Pharmacogenomic assessment of Mexican and Peruvian populations

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From: Pharmacogenomics(Vol. 16, Issue 5)
Publisher: Future Medicine Ltd.
Document Type: Report
Length: 5,561 words
Lexile Measure: 1830L

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Author(s): Sharon Marsh [*] aff1 aff2 , Cristi R King aff3 , Derek J Van Booven aff2 aff4 , Jane Y Revollo aff5 , Robert H Gilman aff6 , Howard L McLeod aff2 aff7

Keywords:

genotype; Hispanic; Mexico; Peru; pharmacogenomics; polymorphism; population

Clinically relevant DNA polymorphisms have significantly variable allele frequencies among different world populations [1-7 ]. However, many areas of the world are under-represented in current pharmacogenomics research [8,9 ]. Organizations such as the Pharmacogenetics for Every Nation Initiative are attempting to redress this balance by collecting country and region-specific data on pharmacogenomically relevant polymorphisms to ensure rational medication selection not based on Western European data [2,8-13 ].

Hispanic populations represent an important challenge for pharmacogenomics. Mexico is the 11th most populous nation in the world, and Mexican-Americans comprised 10.9% of the US population as of 2010 [14 ]. With over 30 million people of Mexican descent living in North America, this population is too large to be ignored by researchers. Approximately 60% of Mexicans classify themselves as Mestizo, with an ancestry that includes both Amerindians and Europeans. Another 30% are of Amerindian descent and 9% self-classify as white [15 ]. A study of Texas Hispanics (90% Mexican-Americans) calculated the degree of admixture to be approximately 36% Amerindian and 64% European [ 16 ]. Such a significant non-European genetic contribution to the Mexican population makes inferences based on European-American pharmacogenomic data problematic [17 ].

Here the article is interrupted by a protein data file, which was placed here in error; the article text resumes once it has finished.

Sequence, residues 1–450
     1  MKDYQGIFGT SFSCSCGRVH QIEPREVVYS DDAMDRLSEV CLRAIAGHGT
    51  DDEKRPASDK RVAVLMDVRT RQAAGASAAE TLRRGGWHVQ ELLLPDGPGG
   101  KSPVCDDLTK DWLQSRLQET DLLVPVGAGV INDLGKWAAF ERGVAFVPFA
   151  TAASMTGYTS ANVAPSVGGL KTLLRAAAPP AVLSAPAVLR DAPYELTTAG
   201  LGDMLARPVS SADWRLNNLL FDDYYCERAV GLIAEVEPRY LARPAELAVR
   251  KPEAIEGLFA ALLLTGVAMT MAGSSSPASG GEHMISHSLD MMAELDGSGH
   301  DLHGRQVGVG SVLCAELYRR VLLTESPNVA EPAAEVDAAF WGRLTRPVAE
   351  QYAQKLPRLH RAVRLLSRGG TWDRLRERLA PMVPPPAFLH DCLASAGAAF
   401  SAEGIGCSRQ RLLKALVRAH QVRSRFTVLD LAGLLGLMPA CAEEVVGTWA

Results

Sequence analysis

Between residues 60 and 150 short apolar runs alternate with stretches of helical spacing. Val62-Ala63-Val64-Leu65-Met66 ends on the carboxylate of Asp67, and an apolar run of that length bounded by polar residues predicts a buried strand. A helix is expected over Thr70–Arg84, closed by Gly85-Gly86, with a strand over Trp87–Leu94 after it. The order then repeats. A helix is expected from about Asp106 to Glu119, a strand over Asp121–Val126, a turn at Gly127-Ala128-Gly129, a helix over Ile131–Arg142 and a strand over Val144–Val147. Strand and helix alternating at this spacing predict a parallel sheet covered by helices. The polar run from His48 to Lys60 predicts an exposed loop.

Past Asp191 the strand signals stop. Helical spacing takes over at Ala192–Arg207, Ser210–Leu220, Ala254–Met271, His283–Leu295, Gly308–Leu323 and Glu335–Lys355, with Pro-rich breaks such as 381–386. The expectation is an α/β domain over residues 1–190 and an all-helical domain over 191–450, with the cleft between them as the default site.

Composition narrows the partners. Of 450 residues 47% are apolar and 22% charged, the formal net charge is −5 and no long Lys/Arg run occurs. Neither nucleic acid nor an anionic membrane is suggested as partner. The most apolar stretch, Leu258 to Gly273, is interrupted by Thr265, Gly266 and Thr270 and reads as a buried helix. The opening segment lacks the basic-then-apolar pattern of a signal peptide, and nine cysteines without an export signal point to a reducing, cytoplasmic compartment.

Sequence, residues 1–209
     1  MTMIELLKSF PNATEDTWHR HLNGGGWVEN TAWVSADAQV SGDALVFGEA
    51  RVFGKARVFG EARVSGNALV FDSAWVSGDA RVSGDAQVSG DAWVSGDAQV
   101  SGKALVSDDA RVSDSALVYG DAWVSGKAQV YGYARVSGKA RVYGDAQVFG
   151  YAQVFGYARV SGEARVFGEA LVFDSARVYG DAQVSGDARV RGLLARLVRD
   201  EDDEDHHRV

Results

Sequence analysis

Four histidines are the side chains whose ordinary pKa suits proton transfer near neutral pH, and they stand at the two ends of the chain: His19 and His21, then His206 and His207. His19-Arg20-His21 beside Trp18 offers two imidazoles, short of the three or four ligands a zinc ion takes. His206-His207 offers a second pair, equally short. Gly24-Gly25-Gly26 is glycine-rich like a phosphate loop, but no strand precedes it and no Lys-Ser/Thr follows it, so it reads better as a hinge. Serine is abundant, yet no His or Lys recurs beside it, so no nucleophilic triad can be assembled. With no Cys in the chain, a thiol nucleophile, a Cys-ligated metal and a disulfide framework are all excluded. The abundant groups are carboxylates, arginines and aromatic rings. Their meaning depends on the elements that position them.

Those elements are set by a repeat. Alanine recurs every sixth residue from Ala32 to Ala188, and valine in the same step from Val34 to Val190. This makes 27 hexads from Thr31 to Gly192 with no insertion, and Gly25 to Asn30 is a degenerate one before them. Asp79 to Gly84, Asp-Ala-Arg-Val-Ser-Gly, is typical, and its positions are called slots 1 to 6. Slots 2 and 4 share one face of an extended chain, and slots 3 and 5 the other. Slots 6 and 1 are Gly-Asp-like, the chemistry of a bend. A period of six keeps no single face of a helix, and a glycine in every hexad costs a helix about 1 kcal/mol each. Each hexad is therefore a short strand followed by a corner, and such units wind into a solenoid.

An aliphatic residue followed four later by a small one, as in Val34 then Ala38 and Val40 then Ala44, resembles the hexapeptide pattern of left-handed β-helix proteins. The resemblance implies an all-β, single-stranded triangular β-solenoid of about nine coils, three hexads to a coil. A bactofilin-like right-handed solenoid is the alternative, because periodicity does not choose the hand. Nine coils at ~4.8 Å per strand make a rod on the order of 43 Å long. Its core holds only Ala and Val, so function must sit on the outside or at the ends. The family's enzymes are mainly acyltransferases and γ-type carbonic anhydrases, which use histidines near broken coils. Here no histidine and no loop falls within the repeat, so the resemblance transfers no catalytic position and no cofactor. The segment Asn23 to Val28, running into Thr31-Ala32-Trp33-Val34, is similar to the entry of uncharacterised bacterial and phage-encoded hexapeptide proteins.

Peru has a population of approximately 30.15 million people. The major ethnic groups are 45% Amerindian, 37% Mestizo (mixed Amerindian and white) and 15% white, with the remaining 3% made up from Japanese, Chinese and African ethnicities [18 ]. A study of 25 regions of Peru found different levels of European ancestry depending on location [19 ]. As with the Mexican population this admixture provides a distinct population [20-22 ] that does not allow for assumptions from existing data for any one ethnic group.

Even generalizations across Hispanic groups are not viable. Both admixture levels and disease prevalence vary across Central and South America. For example, in New Jersey, where the majority of the Hispanic population is of Puerto Rican descent, the relative genetic contributions of Europeans, Amerindians and Africans are approximately 85%, 9% and 6%, respectively [ 16 ]. This variation in admixture correlates with real clinical problems. Puerto Ricans have the highest asthma rates in the US while Mexican-Americans have the lowest, and a meta-analysis has shown that Hispanics with African ancestry are at risk for more severe asthma in both Mexican-American and Puerto Rican American populations [23 ].

There is a paucity of pharmacogenomics data for Hispanic populations. Indeed, the majority of Central and South America are largely uncharacterized in the pharmacogenomics literature [24 ]. Previous studies have shown that Mexican-Americans have lower frequencies of the CYP2D6*4 alleles than European populations, but similar CYP2E1 and CYP3A4 enzyme activity [24-26 ]. Significant differences between Mexican-American and Spanish populations have also been observed for the CYP2C9*2 polymorphism, with the Spanish population carrying at least double the amount of CYP2C9*2 alleles (16% vs...

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Gale Document Number: GALE|A411315289